I had a couple of evenings home alone the other week so i indulged myself with a couple of glasses of a nice red and rewatching some old surf dvds. Notably two of my perennial faves, Thomas Campbells "Seedling" and Michael Halsbands "Surf Movie Reels 1-14". Both feature pretty heavy doses of Joel Tudor in the peak of his "ride everything" influence.
I came to a few conclusions as the bottle slowly drained. One, Tudor is a ridiculously talented surfer on pretty much anything you put under his feet. He is the master of making the difficult look easy and he is SO smooth. He's a pretty impressive skater too!
Two, lots of Tudor's single fin eggs actually have the wide point slightly back of centre instead of forward which is the more widely seen case with eggs. Tudor is quoted as saying he prefers the widepoint back for turning and doesn't like it forward unless he's getting barrelled!
Three, I haven't owned or ridden a single fin egg for ages!
Luckily, a couple of friends do have Tudor eggs and Thos very sportingly agreed to lend me his 6'6 Kookbox Archie's left (in the pics) in exchange for a few days on my Mandala.
Ideally i'd have had Saunton at head high doing its best pointbreak impression as a test track since I suspect that the board would truly light up under those conditions. That's what Thos says anyway. As it was I had to make do with a pretty mushy, onshore, chest high P-land and a clean but a bit too small dawn patrol at saunton.
I did get a good feel for how fun a board it is though! There's lots of foam in there at 21.65 wide and 2.75 thick, a little bit of nose rocker but otherwise flat as. Widepoint I think just back of centre, flexy kookbox 8 inch fin. Small roll in the nose but quickly into a single concave that moves to a fairly deep double in the back third. Rails are soft for the first foot but then tucked under becoming a hard edge just in front of the fin. In short, it's definitely designed to turn and feel lively rather than cruisy.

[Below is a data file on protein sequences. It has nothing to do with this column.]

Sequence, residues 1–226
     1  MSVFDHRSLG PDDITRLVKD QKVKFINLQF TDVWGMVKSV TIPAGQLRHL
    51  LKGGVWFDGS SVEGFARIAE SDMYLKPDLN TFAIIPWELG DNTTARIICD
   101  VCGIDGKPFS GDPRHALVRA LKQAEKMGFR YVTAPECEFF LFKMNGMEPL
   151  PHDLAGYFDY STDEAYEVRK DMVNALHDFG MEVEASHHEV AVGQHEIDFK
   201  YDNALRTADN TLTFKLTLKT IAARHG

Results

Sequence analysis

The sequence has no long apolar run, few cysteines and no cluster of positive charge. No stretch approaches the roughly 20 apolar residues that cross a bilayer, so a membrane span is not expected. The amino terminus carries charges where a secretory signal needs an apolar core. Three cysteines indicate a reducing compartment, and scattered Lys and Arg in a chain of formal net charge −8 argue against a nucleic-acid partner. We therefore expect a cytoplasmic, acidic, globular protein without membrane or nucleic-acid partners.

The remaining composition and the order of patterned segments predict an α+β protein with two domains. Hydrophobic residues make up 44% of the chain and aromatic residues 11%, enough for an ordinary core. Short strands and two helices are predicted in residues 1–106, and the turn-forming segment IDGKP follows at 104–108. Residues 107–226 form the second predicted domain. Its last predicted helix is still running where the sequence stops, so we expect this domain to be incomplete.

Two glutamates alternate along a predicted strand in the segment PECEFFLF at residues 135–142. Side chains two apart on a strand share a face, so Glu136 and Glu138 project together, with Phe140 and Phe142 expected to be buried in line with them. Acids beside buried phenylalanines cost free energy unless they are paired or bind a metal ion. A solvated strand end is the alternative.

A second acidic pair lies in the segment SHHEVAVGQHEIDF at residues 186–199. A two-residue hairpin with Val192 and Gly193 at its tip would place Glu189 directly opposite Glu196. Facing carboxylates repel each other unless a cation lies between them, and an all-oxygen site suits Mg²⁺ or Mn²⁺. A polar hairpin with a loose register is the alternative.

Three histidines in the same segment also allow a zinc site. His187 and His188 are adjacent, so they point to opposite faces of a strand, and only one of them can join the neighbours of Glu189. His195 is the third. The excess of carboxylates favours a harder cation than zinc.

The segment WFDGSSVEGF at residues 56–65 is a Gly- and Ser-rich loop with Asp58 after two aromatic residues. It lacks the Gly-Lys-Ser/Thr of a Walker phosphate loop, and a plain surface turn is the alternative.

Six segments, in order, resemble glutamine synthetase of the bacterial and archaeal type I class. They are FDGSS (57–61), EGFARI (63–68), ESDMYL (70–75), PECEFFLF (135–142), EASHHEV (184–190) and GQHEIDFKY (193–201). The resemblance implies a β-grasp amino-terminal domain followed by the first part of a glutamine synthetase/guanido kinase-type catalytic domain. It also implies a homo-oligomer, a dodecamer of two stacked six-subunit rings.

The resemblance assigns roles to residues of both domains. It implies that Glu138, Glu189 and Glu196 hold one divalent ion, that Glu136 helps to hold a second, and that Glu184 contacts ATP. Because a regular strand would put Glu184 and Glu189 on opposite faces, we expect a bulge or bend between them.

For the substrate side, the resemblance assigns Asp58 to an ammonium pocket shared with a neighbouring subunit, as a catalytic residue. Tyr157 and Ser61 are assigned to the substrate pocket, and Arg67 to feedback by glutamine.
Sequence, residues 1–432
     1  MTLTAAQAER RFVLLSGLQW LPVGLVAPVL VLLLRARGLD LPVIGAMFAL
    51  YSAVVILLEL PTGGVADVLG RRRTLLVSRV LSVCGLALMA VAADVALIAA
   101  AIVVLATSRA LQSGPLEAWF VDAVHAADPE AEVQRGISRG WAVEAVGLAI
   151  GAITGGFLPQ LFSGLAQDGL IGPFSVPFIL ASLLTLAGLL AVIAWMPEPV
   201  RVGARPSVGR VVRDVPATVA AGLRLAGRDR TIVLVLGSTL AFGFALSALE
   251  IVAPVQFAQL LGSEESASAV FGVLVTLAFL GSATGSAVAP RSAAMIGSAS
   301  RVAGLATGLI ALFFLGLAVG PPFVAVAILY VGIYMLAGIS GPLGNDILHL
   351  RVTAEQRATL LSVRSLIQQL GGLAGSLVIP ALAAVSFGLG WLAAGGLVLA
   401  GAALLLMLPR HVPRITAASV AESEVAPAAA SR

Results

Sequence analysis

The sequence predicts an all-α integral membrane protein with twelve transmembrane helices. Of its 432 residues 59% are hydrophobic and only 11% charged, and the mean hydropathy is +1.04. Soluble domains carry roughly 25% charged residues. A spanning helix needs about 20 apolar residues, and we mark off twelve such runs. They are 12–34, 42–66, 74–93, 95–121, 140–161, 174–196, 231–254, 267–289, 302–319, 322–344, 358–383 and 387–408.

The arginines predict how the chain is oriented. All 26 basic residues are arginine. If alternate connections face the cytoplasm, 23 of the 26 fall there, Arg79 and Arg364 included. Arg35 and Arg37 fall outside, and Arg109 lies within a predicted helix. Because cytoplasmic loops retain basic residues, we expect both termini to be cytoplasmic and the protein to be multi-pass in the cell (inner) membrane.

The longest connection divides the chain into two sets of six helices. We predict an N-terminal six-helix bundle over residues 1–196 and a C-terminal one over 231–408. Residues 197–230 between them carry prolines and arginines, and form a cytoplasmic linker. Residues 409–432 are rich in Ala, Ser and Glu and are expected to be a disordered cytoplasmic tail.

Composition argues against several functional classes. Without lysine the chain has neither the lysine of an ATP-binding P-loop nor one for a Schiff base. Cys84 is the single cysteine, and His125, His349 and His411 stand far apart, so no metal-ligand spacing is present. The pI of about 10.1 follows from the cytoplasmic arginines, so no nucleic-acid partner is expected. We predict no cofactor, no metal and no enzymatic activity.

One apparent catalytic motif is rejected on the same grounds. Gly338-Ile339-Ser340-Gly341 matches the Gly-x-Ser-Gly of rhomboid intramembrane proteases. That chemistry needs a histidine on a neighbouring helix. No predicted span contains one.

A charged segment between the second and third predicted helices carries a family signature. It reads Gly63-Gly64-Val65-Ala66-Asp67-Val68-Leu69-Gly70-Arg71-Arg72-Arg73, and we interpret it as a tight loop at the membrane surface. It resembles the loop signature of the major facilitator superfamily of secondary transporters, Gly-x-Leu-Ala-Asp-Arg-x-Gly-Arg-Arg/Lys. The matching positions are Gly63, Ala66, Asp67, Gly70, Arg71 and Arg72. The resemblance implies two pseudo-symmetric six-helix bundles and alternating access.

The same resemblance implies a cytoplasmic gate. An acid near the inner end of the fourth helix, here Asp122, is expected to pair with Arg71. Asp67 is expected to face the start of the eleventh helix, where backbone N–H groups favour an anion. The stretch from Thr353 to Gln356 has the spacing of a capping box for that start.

It's got far less Hull influence than I expected from what I thought I knew of this model. As a result it's way less quirky to ride than a v bowls, which is ostensibly a wide point back egg too. It went backside well and in both directions had that snappy, pivoty turn that you would expect from a single fin.
I really like a flex fin in a single and you could definitely feel a nice spring from the fin as you exited a deep railed bottom turn.
What really impressed was its glide over the flat spots despite its shortish length. I think the lack of rocker and the plentiful concave in the bottom keeps it high and planing where others bog. In short its a cool little board, really easy to surf like eggs generally are, with a wide range of suitability for waves and the ability to be pushed if you want to.
Thos calls it his "guilty pleasure" and I can see why.
Hopefully I'll manage to wangle BGA's Tudor Karma off him soon to compare.
It's starting to feel like we are on the cusp of seasons. There's definitely a hint of autumn creeping slowly in. Lets hope she brings some well groomed swell and ushers in a cold winter off offshores and deep powder to play in.
Vespa scooters in Italy may be Cliché, but its cliché for a reason. There are genuinely loads of them weaving around with questionable traffic awareness.
They are also a design classic. I don't understand why you would buy anything else if you were shopping for a moped since no other company seems to have nailed it with the simple elegant lines and certain "je ne sais quoi" style that makes the vespa stand out.
Funny how some things just seem "right". The original mini is an other example or the foil on a good displacement hull surfboard........